When Pharaohs--or tyrannical emperors or kings or dictators-- rise up in history, they act in violence against vulnerable, disadvantaged people. The Exodus from Egypt and the celebration of Passover is a powerful demonstration of how God broke in to liberate the people from their oppression, and to give them a life of freedom. 
            But it becomes clear that we don’t always know what to do with freedom.  There were times in the wilderness when the people of Israel when they grumbled and wished they could go back to slavery in Egypt.
            So, Brueggemann says the Ten Commandments “are nothing less than strategies for staying emancipated in the new life that the God of Sinai governs.” These strategies are urgent, he says, because Pharaoh, in a variety of forms, always wants to coerce us back into Pharaoh’s domain of exploitation.
            This new strategy for living as free people is to honor God to the exclusion of every other idol…to honor God’s name and God’s purpose for our lives.  I love and am challenged by the way Brueggemann points to the scripture’s truth, as he says this strategy for freedom means to “refuse every other ultimate loyalty, every idolatry in our lives among all the ‘isms’ including racism, sexism, and nationalism. It means not to worship stuff, not stuff that is rare, precious, attractive, beautiful or empowering. It means not to recruit God’s name for our pet projects of religion, morality, economics or politics, because the only God is no party to our proximate causes.”

            The season of Lent calls us to a reality check.  Moses, through the Ten Commandments, or Ten Words, at Sinai, declared new possibilities for a life of freedom, outside the oppression, anxiety, fearfulness, and scarcity under Pharaoh-- a new life that honors God’s holiness, that loves the neighbor in concrete ways, and that honors the Sabbath and makes time to be holy.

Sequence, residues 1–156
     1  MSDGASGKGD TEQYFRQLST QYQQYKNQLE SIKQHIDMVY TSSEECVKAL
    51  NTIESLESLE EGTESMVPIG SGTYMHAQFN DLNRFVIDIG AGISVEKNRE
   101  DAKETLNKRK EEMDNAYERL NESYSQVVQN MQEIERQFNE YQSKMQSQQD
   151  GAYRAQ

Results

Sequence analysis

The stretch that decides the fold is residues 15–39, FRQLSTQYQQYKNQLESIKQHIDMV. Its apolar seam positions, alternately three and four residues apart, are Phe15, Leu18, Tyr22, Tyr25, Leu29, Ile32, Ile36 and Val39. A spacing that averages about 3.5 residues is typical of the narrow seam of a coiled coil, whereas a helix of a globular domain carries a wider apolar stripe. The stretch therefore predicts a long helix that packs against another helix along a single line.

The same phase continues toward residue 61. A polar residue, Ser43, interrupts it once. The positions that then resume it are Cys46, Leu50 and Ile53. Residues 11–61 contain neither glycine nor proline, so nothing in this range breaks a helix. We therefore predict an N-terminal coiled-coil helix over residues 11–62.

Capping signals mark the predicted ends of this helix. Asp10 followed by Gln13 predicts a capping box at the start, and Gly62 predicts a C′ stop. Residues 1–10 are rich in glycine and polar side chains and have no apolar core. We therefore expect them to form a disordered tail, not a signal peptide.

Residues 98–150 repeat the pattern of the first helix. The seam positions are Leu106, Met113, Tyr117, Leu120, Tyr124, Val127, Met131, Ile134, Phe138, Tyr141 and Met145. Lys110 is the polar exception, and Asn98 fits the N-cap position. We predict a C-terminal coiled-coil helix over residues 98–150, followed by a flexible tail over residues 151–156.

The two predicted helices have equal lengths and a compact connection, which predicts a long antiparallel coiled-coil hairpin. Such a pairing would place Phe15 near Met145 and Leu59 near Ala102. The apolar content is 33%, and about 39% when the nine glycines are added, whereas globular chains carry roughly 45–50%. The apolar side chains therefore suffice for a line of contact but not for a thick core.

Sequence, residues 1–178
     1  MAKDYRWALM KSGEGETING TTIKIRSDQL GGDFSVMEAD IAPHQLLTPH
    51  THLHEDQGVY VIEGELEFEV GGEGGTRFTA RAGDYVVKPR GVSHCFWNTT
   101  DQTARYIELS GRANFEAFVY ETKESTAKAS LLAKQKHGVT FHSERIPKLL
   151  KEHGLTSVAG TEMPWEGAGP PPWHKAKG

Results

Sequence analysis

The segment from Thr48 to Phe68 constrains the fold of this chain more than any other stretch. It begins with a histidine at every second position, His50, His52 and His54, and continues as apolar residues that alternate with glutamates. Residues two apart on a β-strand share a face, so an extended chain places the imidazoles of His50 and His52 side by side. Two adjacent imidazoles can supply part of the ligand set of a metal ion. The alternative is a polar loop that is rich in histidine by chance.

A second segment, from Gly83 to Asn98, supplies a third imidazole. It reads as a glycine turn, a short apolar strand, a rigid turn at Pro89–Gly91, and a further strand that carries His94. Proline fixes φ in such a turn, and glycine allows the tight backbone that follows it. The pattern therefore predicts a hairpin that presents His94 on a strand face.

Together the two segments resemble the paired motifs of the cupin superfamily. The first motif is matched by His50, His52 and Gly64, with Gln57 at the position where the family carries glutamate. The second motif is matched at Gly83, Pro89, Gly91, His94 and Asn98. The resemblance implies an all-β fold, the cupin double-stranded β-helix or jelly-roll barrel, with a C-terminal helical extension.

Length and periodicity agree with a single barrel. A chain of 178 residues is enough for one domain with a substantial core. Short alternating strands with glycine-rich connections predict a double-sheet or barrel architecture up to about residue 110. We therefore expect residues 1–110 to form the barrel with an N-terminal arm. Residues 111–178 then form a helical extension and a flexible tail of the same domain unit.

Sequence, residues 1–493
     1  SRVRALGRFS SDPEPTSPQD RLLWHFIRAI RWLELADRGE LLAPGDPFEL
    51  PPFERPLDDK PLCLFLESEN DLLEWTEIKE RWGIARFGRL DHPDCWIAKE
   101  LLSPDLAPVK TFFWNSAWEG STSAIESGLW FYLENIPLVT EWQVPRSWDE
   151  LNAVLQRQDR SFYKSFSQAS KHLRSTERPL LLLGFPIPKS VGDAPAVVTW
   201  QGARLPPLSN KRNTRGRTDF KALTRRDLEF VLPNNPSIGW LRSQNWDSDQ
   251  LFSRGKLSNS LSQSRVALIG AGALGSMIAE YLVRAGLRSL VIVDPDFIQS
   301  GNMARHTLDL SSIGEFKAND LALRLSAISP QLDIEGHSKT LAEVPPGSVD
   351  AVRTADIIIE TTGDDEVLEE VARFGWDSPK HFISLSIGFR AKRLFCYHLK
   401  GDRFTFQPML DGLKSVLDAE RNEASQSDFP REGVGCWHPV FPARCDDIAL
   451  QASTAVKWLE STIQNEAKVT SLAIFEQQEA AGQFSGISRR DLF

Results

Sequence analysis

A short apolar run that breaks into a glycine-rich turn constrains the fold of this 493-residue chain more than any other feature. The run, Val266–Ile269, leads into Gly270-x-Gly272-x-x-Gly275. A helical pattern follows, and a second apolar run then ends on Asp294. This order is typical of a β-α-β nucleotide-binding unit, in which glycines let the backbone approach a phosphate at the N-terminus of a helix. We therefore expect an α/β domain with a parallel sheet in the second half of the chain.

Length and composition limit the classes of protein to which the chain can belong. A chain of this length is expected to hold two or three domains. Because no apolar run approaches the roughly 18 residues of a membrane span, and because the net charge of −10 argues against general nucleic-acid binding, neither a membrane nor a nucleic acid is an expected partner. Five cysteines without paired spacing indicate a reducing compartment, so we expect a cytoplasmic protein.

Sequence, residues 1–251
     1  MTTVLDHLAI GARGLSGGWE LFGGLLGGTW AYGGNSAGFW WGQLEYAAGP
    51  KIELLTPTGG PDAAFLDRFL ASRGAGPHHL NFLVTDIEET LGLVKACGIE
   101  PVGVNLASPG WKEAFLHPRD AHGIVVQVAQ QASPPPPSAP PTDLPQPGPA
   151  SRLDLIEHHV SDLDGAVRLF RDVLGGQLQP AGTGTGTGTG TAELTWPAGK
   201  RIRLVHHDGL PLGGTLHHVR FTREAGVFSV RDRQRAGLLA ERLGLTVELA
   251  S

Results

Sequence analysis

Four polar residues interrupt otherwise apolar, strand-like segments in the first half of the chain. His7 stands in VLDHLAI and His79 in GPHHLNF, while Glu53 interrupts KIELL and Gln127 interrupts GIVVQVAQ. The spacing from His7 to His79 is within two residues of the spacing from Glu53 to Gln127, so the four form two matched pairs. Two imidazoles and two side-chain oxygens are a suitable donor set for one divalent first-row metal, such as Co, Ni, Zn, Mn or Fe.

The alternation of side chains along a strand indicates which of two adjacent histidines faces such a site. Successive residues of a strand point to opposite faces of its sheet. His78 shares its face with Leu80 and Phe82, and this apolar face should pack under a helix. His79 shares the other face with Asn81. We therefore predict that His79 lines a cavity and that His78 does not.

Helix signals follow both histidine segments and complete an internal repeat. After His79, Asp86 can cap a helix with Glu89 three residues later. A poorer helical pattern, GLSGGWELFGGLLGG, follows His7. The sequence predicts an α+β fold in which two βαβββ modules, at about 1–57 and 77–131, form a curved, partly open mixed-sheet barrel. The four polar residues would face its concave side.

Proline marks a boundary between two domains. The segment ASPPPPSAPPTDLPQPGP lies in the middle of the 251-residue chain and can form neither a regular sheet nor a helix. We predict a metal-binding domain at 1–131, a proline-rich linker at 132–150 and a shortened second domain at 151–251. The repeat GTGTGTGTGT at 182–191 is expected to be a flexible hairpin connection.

Lent invites us to look honestly at the ways in which we have failed at living freely. We’ve heard Pharaoh say, “Be very afraid,” and lived anxious lives. We’ve believed what those in power tell us about scarcity, so we’re afraid we won’t have enough and accept that the poor can’t have what they need for lives of dignity. We hurry to try to keep even, and are over-extended and exhausted.
            The season of Lent is a time for us to ponder the gospel life to which Jesus calls us: an alternative life that is unafraid…a life of abundance Jesus showed us when he multiplied loaves and fishes to feed the multitudes. Jesus calls us to a life of healing and forgiveness and generosity to neighbors.
             The season of Lent reminds re-presents the outrage Jesus demonstrated at what he saw in the Temple and how he challenged the status quo. It reminds us how determined the empire and the keepers of the status quo were to maintain their power and privilege and control, to the point of executing Jesus on the cross where his followers and other would see him being tortured.

            “You destroy this temple… in three days I will raise it up.” Even the disciples couldn’t understand Jesus’ words until after the resurrection.  The story of Jesus doesn’t end at the cross.  Only after the resurrection can we reflect on what the cross of Jesus means for a life of faith.
            In these last weeks of Lent, we are invited to ponder what the apostle Paul wrote: “The message about the cross is foolishness to those who are perishing, but to us who are being saved it is the power of God.”[7]  
            The powers of this world will tell us that it is foolish to think we have enough to feed a crowd… and that it is a sign of weakness to practice mercy, justice, and faithfulness. But we can trust that God’s foolishness is wiser than human wisdom, and God’s weakness is stronger than human strength.
            Thanks be to God!

[1] Thomas G. Long, “Dancing the Decalogue,” in “Living by the Word,” in The Christian Century.
[2] Tom Long, in “Dancing with the Decalogue.”
[3] Exodus 20:2
[4] Rolf Jacobson, Commentary on Exodus 19:1-6 and Exodus 20:1-17.

[5] Bull worship was common in some cultures in the ancient world, including Egypt. The golden calf is first mentioned in Exodus 32:4
[6] Walter Brueggemann, “Strategies for Staying Emancipated.”

[7] 1 Corinthians 1:18-25